Using the Stroop task to study emotion regulation.

Citation: Buhle, J., Wager, T. D., & Smith, E. E. (2010). Using the Stroop Task to study emotion regulation. In: Hassin, R. R., Oschner, K. N., Trope, T. (Eds.), Self Control in Society, Mind, and Brain.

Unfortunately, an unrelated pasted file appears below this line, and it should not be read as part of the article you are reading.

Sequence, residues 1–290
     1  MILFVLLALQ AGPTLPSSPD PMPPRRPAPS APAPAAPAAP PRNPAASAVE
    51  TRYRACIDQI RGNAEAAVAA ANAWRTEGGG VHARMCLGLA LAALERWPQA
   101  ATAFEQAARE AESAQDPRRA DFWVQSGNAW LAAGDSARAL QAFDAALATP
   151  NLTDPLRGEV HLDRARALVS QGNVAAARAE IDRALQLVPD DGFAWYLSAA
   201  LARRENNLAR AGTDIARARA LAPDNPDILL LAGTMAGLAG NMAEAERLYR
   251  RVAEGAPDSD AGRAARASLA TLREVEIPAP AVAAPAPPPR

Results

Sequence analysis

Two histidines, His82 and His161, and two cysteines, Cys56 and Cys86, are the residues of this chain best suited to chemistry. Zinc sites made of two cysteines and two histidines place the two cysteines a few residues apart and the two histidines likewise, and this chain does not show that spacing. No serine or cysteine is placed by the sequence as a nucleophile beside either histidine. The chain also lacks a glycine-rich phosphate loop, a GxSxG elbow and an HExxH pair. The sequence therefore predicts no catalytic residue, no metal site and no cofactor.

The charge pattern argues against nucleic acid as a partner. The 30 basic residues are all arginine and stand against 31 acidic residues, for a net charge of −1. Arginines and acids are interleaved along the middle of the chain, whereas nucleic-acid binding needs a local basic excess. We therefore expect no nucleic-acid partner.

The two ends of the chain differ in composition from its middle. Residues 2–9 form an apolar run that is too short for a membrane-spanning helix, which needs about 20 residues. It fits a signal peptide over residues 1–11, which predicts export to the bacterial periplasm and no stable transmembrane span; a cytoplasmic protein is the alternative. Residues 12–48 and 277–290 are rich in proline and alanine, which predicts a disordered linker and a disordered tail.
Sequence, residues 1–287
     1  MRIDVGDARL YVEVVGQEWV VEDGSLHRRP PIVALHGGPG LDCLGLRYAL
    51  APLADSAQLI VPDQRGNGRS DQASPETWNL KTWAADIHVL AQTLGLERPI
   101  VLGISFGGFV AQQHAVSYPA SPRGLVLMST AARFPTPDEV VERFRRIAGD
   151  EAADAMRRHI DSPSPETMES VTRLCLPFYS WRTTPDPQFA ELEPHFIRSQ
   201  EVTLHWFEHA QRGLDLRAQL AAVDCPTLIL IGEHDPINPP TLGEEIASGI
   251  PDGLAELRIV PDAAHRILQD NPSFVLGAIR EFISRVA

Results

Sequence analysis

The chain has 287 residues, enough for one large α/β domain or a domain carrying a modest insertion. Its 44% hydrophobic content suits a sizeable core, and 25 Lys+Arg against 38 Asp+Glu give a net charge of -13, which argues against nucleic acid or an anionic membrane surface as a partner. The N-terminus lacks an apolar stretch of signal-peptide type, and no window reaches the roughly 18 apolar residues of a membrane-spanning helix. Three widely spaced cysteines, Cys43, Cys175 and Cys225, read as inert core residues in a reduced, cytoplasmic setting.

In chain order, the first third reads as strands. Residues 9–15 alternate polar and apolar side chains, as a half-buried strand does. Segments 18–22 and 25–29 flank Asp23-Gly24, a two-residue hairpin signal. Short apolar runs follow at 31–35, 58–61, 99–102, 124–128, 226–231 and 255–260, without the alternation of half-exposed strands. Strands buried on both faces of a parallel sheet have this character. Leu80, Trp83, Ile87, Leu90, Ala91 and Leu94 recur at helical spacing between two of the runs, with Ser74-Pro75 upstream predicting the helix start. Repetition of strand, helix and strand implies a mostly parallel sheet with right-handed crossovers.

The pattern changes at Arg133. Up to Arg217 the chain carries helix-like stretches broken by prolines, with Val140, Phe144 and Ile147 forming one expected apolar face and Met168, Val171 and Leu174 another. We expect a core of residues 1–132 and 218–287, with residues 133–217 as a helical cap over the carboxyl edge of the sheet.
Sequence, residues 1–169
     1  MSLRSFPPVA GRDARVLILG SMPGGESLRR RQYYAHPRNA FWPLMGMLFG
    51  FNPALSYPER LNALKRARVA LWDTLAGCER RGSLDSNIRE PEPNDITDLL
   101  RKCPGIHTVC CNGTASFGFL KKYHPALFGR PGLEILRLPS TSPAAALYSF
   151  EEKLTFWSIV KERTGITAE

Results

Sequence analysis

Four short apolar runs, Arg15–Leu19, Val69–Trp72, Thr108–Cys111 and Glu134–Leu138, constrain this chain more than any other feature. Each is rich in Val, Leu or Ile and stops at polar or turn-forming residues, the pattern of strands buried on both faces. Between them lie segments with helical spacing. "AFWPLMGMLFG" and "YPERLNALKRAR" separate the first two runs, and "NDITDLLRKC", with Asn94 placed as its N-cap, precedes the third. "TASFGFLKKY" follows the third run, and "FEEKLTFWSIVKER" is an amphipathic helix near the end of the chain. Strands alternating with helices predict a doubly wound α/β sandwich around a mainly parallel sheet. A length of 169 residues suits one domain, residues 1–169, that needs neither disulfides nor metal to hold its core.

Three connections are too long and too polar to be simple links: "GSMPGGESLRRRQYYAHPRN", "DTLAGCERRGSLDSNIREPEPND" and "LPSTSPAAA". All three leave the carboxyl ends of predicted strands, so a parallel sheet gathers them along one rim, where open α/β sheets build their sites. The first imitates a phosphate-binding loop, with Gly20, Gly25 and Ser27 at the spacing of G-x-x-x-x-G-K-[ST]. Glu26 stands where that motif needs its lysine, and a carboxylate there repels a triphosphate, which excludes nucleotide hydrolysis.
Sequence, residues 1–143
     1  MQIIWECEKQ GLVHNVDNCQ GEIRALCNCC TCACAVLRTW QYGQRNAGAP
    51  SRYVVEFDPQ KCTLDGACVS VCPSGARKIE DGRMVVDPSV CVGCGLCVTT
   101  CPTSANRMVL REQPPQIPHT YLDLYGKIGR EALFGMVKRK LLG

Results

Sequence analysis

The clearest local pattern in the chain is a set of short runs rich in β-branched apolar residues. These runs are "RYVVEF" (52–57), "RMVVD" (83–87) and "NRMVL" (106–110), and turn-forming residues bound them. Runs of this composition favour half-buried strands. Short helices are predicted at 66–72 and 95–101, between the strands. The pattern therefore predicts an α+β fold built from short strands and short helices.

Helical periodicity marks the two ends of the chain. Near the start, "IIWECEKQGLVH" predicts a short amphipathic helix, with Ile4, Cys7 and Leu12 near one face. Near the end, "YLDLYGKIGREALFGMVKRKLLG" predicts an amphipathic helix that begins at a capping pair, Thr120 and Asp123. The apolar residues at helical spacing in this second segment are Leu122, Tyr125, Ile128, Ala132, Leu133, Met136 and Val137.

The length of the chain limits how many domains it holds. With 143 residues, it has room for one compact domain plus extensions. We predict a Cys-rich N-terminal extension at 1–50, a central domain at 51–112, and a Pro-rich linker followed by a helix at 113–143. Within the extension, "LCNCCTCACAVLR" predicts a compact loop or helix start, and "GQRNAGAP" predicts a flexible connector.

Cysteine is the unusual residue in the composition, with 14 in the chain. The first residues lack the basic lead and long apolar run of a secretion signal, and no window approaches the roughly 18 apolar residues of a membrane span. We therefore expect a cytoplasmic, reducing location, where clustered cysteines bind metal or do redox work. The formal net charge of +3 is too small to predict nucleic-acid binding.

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The Stroop task is among the most influential experimental paradigms for the study of cognitive control. Recent variants have sought to extend the Stroop task to the study of emotional regulation. To assess these emotional Stroop tasks, it is important to distinguish between those that seek to disrupt performance purely via distraction by emotional stimuli that engage attention, from those that do so by presenting emotional information that specifically conflicts with task-relevant judgments. The emotional stimuli in distraction-based Stroop tasks typically fail to disrupt the performance of healthy adults, and recent work suggests that when inference does occur, it lags behind goal-directed processing, primarily degrading performance on subsequent trials. Although early neuro-imaging research using the emotional distraction Stroop tasks gave rise to the influential hypothesis of distinct emotional and nonemotional processing regions in the anterior cingulate cortex, subsequent research has provided limited support. Other recent evidence suggests that interference in these distraction tasks might reflect a generic transient surprise rather than inherently emotional processes. In contrast to emotional distraction Stroop tasks, studies of emotional conflict have reported robust congruency effects, but it is unclear that the resolution of stimulus incompatibility is relevant to questions of how one controls one's emotions. Future research with emotional distraction Stroop tasks should seek to develop variants that evince more robust effects, whereas research on emotional stimulus incompatibility should leverage previous work with nonemotional conflict Stroop variants to explore topics such as the relationship between output modality and dimensional relevancy, and the distinction between categorization and identification task goals.